The Colonial Williamsburg Foundation operates the world’s largest living history museum in Williamsburg, Virginia ─ the restored 18th-century capital of Britain’s largest, wealthiest and most populous outpost of empire in the New World.
Meet a nation-builder such as George Washington or Edith Cumbo and admire the craftsmanship of some of the best artisans in the world. Family activities include a horse-drawn carriage ride, numerous dining choices and a Haunted Williamsburg ghost tour. At the Art Museums of Colonial Williamsburg, explore colourful, whimsical folk art and decorative art objects.
New River Gorge Bridge, West Virginia
When the New River Gorge Bridge was completed on October 22, 1977, a travel challenge was solved. The bridge reduced a 40-minute drive down narrow mountain roads and across one of North America’s oldest rivers to less than a minute. When it comes to road construction, mountains do pose a challenge. In the case of the New River Gorge Bridge, challenge was transformed into a work of structural art ─ the longest steel span in the Western Hemisphere and the third-highest in the United States.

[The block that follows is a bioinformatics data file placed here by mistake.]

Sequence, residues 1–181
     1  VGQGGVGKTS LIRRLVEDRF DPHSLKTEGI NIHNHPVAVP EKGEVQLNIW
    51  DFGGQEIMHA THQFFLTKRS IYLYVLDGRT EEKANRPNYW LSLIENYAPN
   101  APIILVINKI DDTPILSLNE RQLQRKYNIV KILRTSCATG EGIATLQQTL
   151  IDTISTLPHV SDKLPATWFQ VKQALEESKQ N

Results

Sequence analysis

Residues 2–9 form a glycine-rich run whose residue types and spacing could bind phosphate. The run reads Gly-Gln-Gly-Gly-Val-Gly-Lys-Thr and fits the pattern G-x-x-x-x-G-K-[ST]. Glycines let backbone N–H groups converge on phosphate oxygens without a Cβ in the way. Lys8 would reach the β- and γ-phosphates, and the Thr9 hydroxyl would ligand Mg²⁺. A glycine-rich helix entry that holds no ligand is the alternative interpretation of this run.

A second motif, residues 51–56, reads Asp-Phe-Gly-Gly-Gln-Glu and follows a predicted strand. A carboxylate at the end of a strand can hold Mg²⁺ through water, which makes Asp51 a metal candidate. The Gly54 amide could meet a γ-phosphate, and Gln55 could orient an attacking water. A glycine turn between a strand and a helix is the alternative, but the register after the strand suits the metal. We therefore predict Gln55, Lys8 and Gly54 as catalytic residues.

Home to the New River, which drops 228 m over 106 km, adventuresome rafters and kayakers have long been drawn to this whitewater area for its class five rapids. The New River ─ which flows northward through low-cut canyons in the Appalachian Mountains ─ is one of the oldest rivers on the planet. New River Gorge National Park encompasses more than 28,329 ha of land along the New River.
Mount Rushmore National Memorial, South Dakota
The Mount Rushmore National Memorial is a sculpture carved into the granite face of Mount Rushmore near Keystone. Sculpted by Danish-American Gutzon Borglum and his son, Lincoln Borglum, Mount Rushmore features 18-m sculptures of the heads of four United States presidents: George Washington, Thomas Jefferson, Theodore Roosevelt and Abraham Lincoln. The entire memorial covers 517 ha and is 1,744 m above sea level.